North Carolina Travel Guide The North Carolina Museum of Art
few states in the USA that can boast as fine a museum as North Carolina's
Museum of Art in Raleigh.
Perhaps it was because they
got an early jump on the competition when in 1947 the North Carolina
General Assembly put aside a million dollars in state funds to buy
works of art. It was the first state in the country to use public
funds to buy art and it may have been the best million dollars the
state ever spent. With the money they bought 139 European and American
paintings and sculpture. In 1960 the Samuel H. Kress Foundation
donated 75 works of art. In April of 1956 the museum opened in a
converted state office building in downtown Raleigh and moved to
its present location on Blue Ridge Road on April 5, 1983.
The Museumís collection contains over 5,000 pieces of art. Works in the
galleries are continuously rotated, due to the loaning of art to other
institutions as well as for the conservation and preservation of works of
art. Along with the permanent collection the museum plays hosts to traveling
exhibits of such well known artists as Matisse,
Picasso and the School of Paris, Toulouse-Lautrec, Ansel Adams,
Rodin, and others.
The North Carolina Museum of Art is perhaps best known
nationally and internationally for its outstanding European collection,
which includes works by masters of
European painting and sculpture, from the Renaissance through impressionism. The
collection includes works by Giotto, Sandro Botticelli, Raphael, Anthony van
Dyck, Peter Paul Rubens, Antonio Canova, Claude Monet and others.
The Museumís Modern Gallery
features major works by such American artists as Marsden Hartley, Georgia
O'Keeffe, Franz Kline, Frank Stella, John Biggers, Jacob Lawrence and Thomas
Hart Benton, and by modern European masters including Ernst Ludwig Kirchner,
Paul Delvaux, Henry Moore, Anselm Kiefer and Gerhard Richter.
The African Gallery contains many
works of African art from the 19th and 20th centuries. Although most of the
objects in the collection are made of wood, many are made of terracotta, beads,
cast metals, textiles and ivory. The Ancient Collection includes two
Egyptian coffins and other funerary art. The collection also contains important
examples of Greek and Roman sculpture and vase painting. A nearby gallery of American Art from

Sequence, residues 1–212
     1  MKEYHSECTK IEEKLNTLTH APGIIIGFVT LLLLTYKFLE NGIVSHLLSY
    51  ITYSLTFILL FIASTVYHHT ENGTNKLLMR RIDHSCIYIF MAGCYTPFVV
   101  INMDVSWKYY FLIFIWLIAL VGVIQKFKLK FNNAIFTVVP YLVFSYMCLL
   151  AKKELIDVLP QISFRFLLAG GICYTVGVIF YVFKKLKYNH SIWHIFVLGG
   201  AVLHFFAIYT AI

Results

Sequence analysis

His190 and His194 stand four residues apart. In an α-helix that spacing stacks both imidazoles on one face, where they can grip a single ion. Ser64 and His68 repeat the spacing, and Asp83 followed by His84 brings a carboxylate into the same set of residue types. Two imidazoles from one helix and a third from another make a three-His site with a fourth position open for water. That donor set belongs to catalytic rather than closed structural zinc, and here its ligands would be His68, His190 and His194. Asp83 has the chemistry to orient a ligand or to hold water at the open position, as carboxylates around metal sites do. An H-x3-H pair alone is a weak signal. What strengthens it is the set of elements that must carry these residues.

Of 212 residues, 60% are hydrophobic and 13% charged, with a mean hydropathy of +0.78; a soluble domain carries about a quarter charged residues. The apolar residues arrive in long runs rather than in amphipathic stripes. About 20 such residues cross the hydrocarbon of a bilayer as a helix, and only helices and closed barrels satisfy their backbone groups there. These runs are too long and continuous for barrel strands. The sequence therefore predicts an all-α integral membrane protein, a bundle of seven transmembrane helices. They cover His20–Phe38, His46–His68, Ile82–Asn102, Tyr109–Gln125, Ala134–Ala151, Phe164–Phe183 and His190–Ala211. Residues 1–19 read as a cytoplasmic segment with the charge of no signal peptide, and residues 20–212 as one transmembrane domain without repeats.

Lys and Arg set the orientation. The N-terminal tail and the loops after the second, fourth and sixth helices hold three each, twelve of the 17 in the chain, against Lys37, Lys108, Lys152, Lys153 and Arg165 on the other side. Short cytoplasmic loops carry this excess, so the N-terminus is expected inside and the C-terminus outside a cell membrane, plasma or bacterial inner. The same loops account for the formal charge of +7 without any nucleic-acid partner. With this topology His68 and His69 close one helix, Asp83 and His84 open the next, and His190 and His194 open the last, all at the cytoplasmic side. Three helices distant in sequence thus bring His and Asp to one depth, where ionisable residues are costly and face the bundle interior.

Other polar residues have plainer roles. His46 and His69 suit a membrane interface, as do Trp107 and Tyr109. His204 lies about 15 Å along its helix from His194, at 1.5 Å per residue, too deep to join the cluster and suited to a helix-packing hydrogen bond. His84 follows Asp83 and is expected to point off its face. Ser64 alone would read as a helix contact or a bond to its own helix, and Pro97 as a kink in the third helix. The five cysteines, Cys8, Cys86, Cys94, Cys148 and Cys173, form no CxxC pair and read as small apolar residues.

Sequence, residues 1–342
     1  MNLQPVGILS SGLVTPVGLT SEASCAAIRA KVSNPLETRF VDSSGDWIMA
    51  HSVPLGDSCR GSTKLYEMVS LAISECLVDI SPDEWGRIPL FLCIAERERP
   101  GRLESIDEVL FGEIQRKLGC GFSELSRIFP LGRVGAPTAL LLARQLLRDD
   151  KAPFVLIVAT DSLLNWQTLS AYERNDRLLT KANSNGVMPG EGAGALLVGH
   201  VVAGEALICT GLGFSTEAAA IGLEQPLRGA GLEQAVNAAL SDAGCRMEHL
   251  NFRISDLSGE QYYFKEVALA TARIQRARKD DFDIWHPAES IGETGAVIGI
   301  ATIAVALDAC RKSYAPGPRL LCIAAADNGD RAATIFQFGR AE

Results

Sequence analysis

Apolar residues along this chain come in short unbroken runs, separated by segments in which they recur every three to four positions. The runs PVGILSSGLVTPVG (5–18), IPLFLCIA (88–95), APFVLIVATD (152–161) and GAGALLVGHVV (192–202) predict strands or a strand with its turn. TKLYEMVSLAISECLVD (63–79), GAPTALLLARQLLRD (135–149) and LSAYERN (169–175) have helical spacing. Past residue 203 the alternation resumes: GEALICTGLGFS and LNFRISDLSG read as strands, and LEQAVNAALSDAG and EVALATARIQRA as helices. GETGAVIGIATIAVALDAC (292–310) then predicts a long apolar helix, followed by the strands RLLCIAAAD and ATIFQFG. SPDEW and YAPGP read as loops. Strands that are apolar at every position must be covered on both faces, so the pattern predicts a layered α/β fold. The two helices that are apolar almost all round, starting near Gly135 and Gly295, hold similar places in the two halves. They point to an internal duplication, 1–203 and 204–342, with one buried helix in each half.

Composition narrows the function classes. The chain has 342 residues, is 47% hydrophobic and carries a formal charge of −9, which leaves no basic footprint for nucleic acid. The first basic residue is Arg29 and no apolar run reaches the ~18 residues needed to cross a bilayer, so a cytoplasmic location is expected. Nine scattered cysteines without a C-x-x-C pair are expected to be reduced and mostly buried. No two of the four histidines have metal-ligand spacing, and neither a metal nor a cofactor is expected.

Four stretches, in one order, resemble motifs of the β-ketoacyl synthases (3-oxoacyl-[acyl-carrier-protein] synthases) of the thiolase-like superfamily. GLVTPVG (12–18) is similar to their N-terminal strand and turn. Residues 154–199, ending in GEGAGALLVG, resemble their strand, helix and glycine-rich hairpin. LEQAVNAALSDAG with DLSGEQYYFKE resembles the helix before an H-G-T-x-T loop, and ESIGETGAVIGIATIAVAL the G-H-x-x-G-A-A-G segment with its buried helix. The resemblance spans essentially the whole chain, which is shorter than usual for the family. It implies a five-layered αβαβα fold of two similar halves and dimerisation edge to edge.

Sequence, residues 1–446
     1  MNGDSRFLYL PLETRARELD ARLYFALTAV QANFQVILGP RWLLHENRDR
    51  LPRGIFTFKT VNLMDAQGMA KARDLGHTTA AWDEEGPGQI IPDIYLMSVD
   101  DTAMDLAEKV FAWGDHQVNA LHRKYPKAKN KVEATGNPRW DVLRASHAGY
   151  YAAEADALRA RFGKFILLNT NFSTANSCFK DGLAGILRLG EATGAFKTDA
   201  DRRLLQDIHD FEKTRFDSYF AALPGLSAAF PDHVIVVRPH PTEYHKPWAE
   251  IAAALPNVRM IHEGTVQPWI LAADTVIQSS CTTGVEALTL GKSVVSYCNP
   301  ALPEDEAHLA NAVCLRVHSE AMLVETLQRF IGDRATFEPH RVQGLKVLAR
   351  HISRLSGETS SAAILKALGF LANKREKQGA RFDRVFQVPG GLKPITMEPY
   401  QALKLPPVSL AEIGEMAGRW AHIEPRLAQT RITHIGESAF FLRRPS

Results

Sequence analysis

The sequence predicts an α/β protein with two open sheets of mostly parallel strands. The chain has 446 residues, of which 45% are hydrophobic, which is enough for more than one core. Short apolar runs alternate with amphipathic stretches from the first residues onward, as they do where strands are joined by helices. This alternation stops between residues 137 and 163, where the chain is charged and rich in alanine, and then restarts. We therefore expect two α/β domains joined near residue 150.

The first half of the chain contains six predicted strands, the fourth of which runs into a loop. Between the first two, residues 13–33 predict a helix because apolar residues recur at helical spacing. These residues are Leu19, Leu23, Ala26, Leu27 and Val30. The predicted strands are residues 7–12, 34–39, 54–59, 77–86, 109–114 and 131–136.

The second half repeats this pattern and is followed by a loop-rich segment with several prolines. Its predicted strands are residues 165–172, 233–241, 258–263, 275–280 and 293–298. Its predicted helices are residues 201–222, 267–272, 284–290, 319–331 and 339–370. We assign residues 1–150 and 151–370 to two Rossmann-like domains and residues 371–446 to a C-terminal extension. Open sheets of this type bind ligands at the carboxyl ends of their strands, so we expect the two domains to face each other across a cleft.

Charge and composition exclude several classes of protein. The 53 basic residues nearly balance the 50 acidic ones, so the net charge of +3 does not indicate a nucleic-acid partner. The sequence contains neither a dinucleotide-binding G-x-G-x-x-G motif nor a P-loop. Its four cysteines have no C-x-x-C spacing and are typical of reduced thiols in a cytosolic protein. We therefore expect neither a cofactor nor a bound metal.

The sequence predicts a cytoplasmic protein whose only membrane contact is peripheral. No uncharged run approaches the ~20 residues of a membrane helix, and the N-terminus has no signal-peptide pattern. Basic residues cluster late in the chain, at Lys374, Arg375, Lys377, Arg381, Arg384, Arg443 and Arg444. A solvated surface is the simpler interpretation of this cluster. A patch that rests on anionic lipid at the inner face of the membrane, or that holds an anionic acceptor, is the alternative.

the 18th and 19th Centuries features paintings by John Singleton Copley, Thomas
Cole, Winslow Homer, Thomas Eakins and William Merritt Chase.
The Ancient American Gallery
presents works from the ancient civilizations of Mexico, South America and
Central America. Works from Mesoamerica, Peru and Costa Rica include ceramic and
terracotta sculptures, stones and painted vases from the 6th to the 11th
century. The Museum contains one of only two galleries in the country devoted to Jewish ceremonial art. Many works in the
collection are made of precious materials such as silver, gold and ivory. Works
in the collection span from the 18th to the 20th century. The Oceanic Gallery features works
from island cultures in the Pacific. Oceanic art is made from a wide variety of
natural materials including wood, stone, bone, feathers, textiles, fibers, seeds
The Blue Ridge, the
Museum Restaurant, offers diners both great visual arts and great culinary art.
Eclectic fare ranges from salads, sandwiches and entrees at lunch to sumptuous
weekend brunches. From savory soups to sweet desserts. For reservations, call (919) 664-6838.
The summertime means great outdoor entertainment at the North Carolina Museum of
Art. From mid-May through mid-September, the Joseph M. Bryan, Jr., Theater in
the Museum Park is the place to be for the best in live music from around the
world. The list of performers is impressive and the setting makes seeing any
concert here a memorable one. Their Rodin Exhibit brought about
the reunion of local favorites Arrogance
(photo) and in 2005 they hosted concerts by Steve
Earle, Lucinda Williams
and award-winning Celtic group Dervish. Their Sights
and Sounds on Sundays series, a cooperative venture of the North Carolina Museum of Art and the
Raleigh Chamber Music Guild, features some of the most exciting performers in
the region. And thereís nothing like the ďMovies on the Lawn" series, or the popular
Music/Movie Combos. Bring the kids and a picnic, and explore the Museum Park
before the show.
The North Carolina Museum of Art is accessible to everyone, and arrangements can
be made for guided tours for visitors with disabilities.
Admission to the Museum and its permanent collection is free. There is a charge
for special exhibitions and some programs, such as concerts, films, classes and
performances. For more information, call the Box Office at (919) 715-5923. The
North Carolina Museum of Art is at 2110 Blue Ridge Road, Raleigh, North Carolina 27607-6494.
The easiest way to find it is to get on Interstate 40 and get off at exit
289 toward Raleigh and Wade Ave. Follow Wade Ave. to the Blue Ridge Rd.
exit, and take this exit. Turn left onto Blue Ridge Rd. The Museum is on the
right. Look for a large granite marker with flags. For more information visit the
Carolina Museum of Art website.